A month ago, the coronavirus shutdown halted dine-in service at restaurants. Many pressed on with takeout. For the Vandal, a gourmet spot in Lawrenceville, that strategy didn’t work out, says co-owner Joey Hilty. After a few days, the Vandal laid off all seven employees and shuttered entirely.
A couple weeks later came a call from Off Their Plate. The volunteer initiative was launched in Boston, in March, to boost restaurants hit by the pandemic by paying them to prepare meals for stressed health-care workers.
The arrangement let Hilty hire back two staffers part-time to start cooking a few hundred meals a week – beef and broccoli, polenta with Italian sausage, and more – for doctors, nurses, and others impacted by the need to treat COVID-19 patients.
“It’s been a fantastic opportunity. Obviously the work we’re doing is very meaningful, and rewarding,” said Hilty. “It’s certainly keeping us busier than we imagined we’d be at this point in time.”
Off Their Plate was created by Natalie Guo, a medical student at Harvard. An early collaborator was Brittany Urick, a friend of Guo’s from grad school. Urick, a Boston-based management consultant, grew up in Moon Township – a big reason Pittsburgh became the fifth Off Their Plate City. (The other three were New York, Los Angeles, and San Francisco.) The Vandal and Square Café, in Regent Square, were the group’s first two restaurant partners here. The first meals were delivered April 2: Forty breakfasts from Square to Allegheny General Hospital. UPMC Mercy and St. Clair Hospital were other early recipients.
As of last week, said Urick, Off Their Plate had delivered nearly 1,000 meals to staff at multiple hospitals, health care centers, and off-site COVID-19 testing centers. According to its website, as of this past Tuesday, Off Their Plate had about $2.2 million nationally to fund meal preparation and delivery.
The fundraising has ranged from social-media appeals to gifts from foundations and corporations. “Just the amount of support and generosity we’ve seen from all these different channels has been really overwhelming,” Urick said by phone from Boston, where she continues to work her day job remotely while helping Off Their Plate organize and expand. (She said four more cities would join the network this week.)
Hospitals appreciate the help, too.
“It’s been a really nice thing for the staff to be able to have a healthy prepared meal for them, individually packaged, so oftentimes they can get it and be on the go, or they can get it and go sit and have a couple minutes to decompress and kind of regroup before they’re heading back in to their work,” said Allie Quick, chief philanthropy officer for Allegheny Health Network.
Off Their Plate is far from the only effort to feed health-care workers locally. Patients and individual donors are also sending food, Quick says – so much of it that Allegheny Health has a team of several people working full-time to make sure the donations are spread among its nine hospitals and other facilities. “This has been at a mass scale where we literally have food going to the hospitals pretty much on a daily basis,” she said. (For now, she added, the hospitals accept only food from restaurants, nothing homemade.)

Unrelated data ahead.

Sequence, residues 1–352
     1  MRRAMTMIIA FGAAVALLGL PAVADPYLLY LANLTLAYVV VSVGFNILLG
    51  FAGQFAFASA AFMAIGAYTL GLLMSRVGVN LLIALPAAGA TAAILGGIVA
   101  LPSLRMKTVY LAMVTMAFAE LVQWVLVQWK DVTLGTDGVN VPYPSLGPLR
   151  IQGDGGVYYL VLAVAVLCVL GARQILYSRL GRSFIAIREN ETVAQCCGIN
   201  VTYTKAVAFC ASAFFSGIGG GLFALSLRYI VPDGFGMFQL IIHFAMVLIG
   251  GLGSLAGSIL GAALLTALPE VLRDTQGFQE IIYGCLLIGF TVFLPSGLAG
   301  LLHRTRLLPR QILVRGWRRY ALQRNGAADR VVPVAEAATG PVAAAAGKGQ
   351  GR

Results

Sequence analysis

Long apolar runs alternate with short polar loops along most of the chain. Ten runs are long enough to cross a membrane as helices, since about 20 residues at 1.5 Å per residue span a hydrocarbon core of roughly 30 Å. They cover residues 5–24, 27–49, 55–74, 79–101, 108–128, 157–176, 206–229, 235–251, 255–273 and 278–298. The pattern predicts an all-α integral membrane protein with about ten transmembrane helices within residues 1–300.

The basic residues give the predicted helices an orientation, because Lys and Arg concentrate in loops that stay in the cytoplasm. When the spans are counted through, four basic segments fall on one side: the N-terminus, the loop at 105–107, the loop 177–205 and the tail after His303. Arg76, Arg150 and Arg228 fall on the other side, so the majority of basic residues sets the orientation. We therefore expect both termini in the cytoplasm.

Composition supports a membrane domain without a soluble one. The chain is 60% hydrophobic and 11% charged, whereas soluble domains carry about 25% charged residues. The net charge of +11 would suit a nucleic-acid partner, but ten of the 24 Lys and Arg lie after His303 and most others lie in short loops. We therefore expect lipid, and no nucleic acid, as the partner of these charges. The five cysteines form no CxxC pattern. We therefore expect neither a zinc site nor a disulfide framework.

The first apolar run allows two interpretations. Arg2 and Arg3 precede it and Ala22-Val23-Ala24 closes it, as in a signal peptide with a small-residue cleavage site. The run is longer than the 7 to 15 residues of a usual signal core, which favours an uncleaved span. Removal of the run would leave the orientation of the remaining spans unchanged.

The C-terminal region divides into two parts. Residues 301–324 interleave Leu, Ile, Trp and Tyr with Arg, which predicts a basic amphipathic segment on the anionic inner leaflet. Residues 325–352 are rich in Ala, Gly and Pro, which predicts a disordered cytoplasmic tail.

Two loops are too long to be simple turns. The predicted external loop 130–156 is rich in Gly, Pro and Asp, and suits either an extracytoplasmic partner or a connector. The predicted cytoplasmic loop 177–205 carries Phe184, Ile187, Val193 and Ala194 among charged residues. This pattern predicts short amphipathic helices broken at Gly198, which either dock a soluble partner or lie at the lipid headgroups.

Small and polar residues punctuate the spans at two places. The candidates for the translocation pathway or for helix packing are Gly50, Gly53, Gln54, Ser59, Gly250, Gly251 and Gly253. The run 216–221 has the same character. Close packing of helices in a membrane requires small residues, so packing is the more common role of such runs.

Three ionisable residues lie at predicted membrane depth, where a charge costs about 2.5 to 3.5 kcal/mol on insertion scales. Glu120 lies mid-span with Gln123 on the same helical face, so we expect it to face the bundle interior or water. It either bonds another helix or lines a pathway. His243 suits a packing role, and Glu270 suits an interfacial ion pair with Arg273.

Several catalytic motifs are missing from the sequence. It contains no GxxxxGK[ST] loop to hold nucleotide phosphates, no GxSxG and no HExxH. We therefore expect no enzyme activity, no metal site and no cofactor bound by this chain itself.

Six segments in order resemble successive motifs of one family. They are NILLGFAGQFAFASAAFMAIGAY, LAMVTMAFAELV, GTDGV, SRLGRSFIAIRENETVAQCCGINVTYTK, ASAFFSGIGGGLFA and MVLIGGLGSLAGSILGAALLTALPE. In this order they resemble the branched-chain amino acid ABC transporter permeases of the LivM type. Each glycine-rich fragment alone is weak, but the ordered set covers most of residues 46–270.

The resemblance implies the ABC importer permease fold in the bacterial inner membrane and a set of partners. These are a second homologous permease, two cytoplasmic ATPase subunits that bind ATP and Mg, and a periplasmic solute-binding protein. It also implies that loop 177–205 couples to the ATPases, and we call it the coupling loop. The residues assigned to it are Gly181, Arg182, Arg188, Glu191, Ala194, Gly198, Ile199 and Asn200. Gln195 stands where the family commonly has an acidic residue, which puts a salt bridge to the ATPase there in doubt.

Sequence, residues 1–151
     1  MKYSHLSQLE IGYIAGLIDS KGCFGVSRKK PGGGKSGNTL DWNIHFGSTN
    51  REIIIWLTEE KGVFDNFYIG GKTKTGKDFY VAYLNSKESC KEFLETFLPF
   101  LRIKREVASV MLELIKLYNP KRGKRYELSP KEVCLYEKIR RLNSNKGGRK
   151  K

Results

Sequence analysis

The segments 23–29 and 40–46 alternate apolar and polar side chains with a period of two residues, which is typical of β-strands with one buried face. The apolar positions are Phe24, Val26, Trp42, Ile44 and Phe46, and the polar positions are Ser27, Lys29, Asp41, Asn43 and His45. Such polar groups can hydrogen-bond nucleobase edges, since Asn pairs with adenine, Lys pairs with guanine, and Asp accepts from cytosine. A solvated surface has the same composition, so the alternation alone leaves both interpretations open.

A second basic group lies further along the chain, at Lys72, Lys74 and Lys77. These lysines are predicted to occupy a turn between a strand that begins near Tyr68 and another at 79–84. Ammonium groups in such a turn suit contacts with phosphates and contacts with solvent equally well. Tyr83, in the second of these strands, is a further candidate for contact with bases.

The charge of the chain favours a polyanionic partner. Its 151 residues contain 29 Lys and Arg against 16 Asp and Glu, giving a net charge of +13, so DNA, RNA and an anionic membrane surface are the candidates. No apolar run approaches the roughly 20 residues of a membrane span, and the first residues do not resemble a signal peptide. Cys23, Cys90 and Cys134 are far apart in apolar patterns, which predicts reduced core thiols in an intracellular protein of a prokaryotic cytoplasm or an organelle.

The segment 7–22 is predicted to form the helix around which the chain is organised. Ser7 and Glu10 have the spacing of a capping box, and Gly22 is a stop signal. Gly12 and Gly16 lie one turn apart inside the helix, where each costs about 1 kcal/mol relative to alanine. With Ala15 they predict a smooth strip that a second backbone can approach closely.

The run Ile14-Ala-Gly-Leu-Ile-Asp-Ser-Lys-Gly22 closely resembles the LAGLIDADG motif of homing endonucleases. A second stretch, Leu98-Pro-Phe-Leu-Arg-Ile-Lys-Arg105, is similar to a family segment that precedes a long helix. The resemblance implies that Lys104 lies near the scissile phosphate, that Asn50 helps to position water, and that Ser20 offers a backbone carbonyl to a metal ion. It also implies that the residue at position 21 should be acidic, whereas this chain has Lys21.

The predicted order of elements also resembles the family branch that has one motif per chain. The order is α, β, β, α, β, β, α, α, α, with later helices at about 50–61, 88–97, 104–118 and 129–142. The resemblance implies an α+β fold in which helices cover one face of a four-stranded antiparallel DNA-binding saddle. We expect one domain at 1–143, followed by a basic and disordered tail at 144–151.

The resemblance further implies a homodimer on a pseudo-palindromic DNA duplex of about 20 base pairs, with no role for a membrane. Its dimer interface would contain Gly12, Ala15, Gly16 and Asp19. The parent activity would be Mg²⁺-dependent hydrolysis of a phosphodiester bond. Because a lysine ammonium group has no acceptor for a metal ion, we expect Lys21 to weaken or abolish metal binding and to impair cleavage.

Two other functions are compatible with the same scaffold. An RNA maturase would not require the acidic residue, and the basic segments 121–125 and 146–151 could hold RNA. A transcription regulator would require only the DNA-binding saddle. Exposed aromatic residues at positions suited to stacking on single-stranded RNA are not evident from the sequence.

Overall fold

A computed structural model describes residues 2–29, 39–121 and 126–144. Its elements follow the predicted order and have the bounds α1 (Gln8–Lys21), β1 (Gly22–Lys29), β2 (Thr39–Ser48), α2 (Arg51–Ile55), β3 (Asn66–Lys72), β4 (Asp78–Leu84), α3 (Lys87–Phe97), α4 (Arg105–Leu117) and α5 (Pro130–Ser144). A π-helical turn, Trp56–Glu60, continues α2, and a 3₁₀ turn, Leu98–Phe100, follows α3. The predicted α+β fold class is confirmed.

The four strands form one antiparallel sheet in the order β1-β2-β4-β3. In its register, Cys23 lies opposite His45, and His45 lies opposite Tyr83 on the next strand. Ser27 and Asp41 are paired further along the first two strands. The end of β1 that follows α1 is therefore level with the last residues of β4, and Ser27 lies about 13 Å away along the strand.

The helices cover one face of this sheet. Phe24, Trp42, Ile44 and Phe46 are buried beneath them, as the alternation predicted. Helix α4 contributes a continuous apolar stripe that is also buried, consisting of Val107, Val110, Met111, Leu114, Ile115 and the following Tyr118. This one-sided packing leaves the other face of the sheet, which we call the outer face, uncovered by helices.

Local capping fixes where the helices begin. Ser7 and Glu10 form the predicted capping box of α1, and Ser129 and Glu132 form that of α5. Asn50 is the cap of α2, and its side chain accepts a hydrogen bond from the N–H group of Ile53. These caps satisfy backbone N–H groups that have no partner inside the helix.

Indeed, at least one other formal initiative has teamed with selected restaurants to deliver individual meals regularly. The Pittsburgh chapter of Frontline Foods delivered its first meals this past Sunday. The Warren, downtown, sent 100 meals to Allegheny General’s medical intensive-care unit, and East Liberty-based Spoon/BRGR shipped 65 to West Penn Hospital’s emergency department, said organizer Anne Kelly.
Frontline Foods, which operates in more than 30 cities, was organized out of San Francisco under the umbrella of the nonprofit World Central Kitchen. In Pittsburgh, it has six volunteers led by Kelly.
“What’s really top of mind for us … is really trying to help these local restaurants who are working in our community, who are absolutely the fabric and culture of our community,” said Kelly, a freelance events-producer who said she was idled when her most recent gig – the Tokyo Olympics – was postponed.
Kelly said it costs, on average, $7 to prepare and deliver a meal via Frontline Foods, though sometimes restaurants can do it cheaper because they have received donations of unprepared foods. (Like Off Their Plate, Frontline pledges that 100 percent of donations go directly toward meals.) The group’s goal in Pittsburgh is to raise $5,000 a week for as long as needed.
Both Off Their Plates and Frontline Foods work with their restaurants to make sure they adhere to strict hygienic guidelines, to avoid possibly contamination by the virus. Once at the health-care facilities, the food might go to either staff working directly with COVID-19 patients, to front-desk workers, cleaning crew – or really, anyone in the hospital, because the pandemic has stressed the whole system.
And the systems are big: Allegheny Health Network has 7,000 employees, with 1,600 of those at Allegheny General alone, said Quick. To feed every staffer on every shift on any given day – as some donors have pledged to do – would cost $35,000, she said.
She added that some donors have paid for staff meals at their hospitals’ cafeterias.
Initiatives like Off Their Plate and Frontline Foods are by no means intended as a substitute for relief packages for the battered restaurant industry: In Southwestern Pennsylvania alone, the pandemic shutdown has meant tens of thousands of layoffs. But Urick added that the delivered meals can also represent more than community gratitude for health care workers: At some hospitals around the country, she said, in-house food services have been curtailed, and workers have fewer off-site options, too, making delivered meals even more valuable.